Monday, October 3, 2022

What Are Symptoms Of Heart Attacks

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Heart Attack Warning Signs

Men may not be aware they had an SMI until weeks or even months later when they see their doctor for a regular visit, or because of persistent symptoms like fatigue, shortness of breath, or heartburn.

SMI is usually detected from an electrocardiogram or echocardiogram, which can highlight heart muscle damage. Another method is a blood test for the molecular footprints of troponin T, a protein released by injured heart cells. That test is often used in emergency departments for patients with heart attack symptoms.

Once an SMI is diagnosed, your doctor can identify your main risk factors and help design a treatment strategy, including changing your diet, exercising regularly, and taking a statin as well as other medication to help prevent a second heart attack .

“If you do notice any symptoms of a SMI, do not brush them aside, even if you do not think they are serious,” says Dr. Plutzky. “Playing it safe is always a better move than risking the potential harmful downside.”

What Causes A Heart Attack

The vast majority of heart attacks occur because of a blockage in one of the blood vessels that supply your heart. This most often happens because of plaque, a sticky substance that can build up on the insides of your arteries . That buildup is called atherosclerosis.

Sometimes, plaque deposits inside the coronary arteries can break open or rupture, and a blood clot can get stuck where the rupture happened. If the clot blocks the artery, this can deprive the heart muscle of blood and cause a heart attack.

Heart attacks are possible without a blockage, but this is rare and only accounts for about 5% of all heart attacks. This kind of heart attack can occur for the following reasons:

  • Spasm of the artery: Your blood vessels have a muscle lining that allows them to become wider or narrower as needed. Those muscles can sometimes twitch or spasm, cutting off blood flow to heart muscle.
  • Rare medical conditions: An example of this would be any disease that causes unusual narrowing of blood vessels.
  • Trauma: This includes tears or ruptures in the coronary arteries.
  • Obstruction that came from elsewhere in the body: A blood clot or air bubble that gets trapped in a coronary artery.
  • Electrolyte imbalances: Having too much or too little of key minerals like potassium in your blood can cause a heart attack.
  • Eating disorders: Over time, an eating disorder can cause damage to your heart and ultimately result in a heart attack.

What Are The Silent Signs Of A Heart Attack

Youre probably familiar with the most common symptom of a heart attack: sudden chest pain that is squeezing or feels like pressure. It is typically located in the center or left side of the chest.

But not everyone gets this dramatic pain. Less noticeable symptoms include more mild pain or discomfort in the center of your chest. It may radiate to the arm, jaw, neck. or back.

Some people, especially women, don’t always have chest pain. Instead, they experience nausea, vomiting, sweating, fatigue, trouble breathing, or lightheadedness. Some people, especially diabetics, may not notice any symptoms .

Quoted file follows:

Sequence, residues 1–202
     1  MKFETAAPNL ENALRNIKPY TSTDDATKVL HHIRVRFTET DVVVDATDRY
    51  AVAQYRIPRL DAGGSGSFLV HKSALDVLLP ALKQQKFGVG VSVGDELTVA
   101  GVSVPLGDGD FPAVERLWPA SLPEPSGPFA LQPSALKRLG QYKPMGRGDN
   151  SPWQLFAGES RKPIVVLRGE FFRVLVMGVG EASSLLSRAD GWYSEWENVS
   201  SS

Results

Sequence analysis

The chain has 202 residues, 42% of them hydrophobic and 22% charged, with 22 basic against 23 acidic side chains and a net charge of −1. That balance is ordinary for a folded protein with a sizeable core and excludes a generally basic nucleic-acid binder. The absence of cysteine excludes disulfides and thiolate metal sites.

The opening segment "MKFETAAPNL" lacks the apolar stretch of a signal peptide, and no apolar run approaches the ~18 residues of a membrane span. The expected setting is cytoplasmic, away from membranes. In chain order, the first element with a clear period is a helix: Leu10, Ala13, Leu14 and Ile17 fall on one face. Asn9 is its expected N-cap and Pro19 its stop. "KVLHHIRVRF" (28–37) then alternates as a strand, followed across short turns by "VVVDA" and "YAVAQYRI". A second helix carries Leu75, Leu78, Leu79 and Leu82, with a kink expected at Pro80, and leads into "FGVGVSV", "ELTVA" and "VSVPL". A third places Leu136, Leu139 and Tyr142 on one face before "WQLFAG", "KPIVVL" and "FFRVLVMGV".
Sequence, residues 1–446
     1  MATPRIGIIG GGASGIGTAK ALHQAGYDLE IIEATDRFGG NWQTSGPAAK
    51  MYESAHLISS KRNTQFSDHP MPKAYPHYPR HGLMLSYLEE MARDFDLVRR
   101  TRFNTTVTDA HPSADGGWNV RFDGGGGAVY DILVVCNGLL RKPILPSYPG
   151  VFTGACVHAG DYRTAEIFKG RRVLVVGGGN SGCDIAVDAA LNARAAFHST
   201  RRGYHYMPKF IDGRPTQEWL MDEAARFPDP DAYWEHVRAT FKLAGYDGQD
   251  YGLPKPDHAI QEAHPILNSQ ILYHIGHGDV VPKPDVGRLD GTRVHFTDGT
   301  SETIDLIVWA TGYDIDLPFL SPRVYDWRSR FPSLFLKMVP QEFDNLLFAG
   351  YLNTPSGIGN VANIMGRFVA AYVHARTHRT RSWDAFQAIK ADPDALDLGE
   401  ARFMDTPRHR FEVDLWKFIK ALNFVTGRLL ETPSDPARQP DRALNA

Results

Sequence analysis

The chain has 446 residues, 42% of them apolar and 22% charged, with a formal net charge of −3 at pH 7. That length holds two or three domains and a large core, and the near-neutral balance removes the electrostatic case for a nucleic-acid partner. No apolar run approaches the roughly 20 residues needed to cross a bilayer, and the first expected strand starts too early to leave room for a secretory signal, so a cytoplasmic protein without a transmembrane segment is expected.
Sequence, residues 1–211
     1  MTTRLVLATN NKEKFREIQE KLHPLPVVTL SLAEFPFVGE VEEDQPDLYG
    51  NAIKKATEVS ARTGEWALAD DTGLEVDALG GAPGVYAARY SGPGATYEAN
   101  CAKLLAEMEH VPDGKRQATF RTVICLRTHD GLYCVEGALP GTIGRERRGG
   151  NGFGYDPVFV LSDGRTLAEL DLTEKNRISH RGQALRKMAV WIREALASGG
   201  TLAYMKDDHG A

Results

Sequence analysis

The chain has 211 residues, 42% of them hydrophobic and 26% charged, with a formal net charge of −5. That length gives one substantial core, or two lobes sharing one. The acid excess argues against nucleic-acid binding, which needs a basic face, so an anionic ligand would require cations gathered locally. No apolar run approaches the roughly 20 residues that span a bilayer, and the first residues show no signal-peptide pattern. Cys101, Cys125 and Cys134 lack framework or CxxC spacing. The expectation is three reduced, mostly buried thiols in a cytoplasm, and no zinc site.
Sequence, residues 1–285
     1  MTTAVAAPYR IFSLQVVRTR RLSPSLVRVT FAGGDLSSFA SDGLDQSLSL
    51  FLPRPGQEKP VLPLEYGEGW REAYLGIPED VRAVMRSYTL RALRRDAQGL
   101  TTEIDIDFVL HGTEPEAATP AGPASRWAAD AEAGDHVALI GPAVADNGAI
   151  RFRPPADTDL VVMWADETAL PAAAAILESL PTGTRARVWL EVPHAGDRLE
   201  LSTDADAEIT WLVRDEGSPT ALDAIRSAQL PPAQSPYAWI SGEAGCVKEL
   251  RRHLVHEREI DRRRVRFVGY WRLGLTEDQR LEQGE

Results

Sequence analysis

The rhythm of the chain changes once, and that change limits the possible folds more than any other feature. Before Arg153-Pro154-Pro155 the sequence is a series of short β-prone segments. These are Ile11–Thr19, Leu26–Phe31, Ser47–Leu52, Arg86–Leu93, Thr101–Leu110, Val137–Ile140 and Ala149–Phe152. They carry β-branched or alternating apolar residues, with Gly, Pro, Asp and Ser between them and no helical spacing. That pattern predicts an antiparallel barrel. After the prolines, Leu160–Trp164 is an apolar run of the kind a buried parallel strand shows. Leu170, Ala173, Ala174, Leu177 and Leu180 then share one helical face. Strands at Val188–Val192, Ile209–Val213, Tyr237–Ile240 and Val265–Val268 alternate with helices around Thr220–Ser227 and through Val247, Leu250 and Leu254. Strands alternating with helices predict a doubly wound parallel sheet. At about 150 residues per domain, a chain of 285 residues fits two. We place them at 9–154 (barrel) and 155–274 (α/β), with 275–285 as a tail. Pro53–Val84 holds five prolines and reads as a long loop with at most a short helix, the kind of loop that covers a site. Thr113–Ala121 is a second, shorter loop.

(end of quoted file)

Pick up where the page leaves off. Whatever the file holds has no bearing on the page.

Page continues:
Heart attack symptoms are sometimes confused with gastric reflux or indigestion. Do not ignore symptoms that do not go away within minutes or worsen. Other warning signs of a heart attack are sweating, nausea, trouble breathing, fatigue, or lightheadedness.

Its not always possible to know if symptoms are a sign of a heart attack or a less serious condition. So head to the emergency room for testing.

Pro Tip

Words or expressions I am expecting to hear: Crushing or pressure-like chest discomfort. Pain, heavinesstypically located in the center of the chestthat seem to come out of nowhere. You may also experience a feeling of impending doom, sudden breathlessness, nausea, or severe fatigue.Dr. Anubodh Varshney

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Early Heart Attack Symptoms

While most heart attacks are sudden and unmistakable, some might come on more gradually, Dr. Abdallah says. Some of the common early warning signs include:

  • Pressure or tightnessin the chest .
  • Pain in the arm,jaw, neck or back.
  • Cold sweats.
  • Unusual fatigue.

Anybody young or old, male or female can experience these subtle signs, though its more common in women.

When To Call 911

Heart Health

If you suspect that you or someone else might be having a heart attack, call 911 or local emergency services right away. Immediate treatment can be lifesaving.

Long-term follow-up care is also important to improve outcomes.

Heart attack causes damage to your heart muscle, which can lead to potentially life threatening complications. Although more research is needed, some complications appear to be more common in women than men.

According to a 2016 review from the AHA, women are more likely than men to develop symptoms of heart failure following a heart attack. They also have a higher risk of death in the months and years following a heart attack.

The review found that 26 percent of women and 19 percent of men die within 1 year following a first heart attack, and 47 percent of women and 36 percent of men die within 5 years.

Some for these gender differences include:

  • There may be a delay in recognizing womens symptoms.
  • Women may be undertreated.

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When Should I See A Doctor

Its important not to ignore symptoms and wait until they become severe. If you have a concern, talk to your doctor. If heart disease is caught early, there are many lifestyle changes you can make to reduce your risk of further problems: eat a healthy diet with plenty of fruits and vegetables, get regular exercise , maintain a healthy weight, drink alcohol in moderation , and dont smoke.

How Can I Lower My Cholesterol

You can lower your cholesterol by taking these steps:

Maintain a healthy weight. If you are overweight, losing weight can help lower your total cholesterol and LDL levels. Calculate your Body Mass Index to see if you are at a healthy weight. If not, try making small changes like eating an apple instead of potato chips, taking the stairs instead of the elevator, or parking farther away from the entrance to your office, the grocery store, or the mall.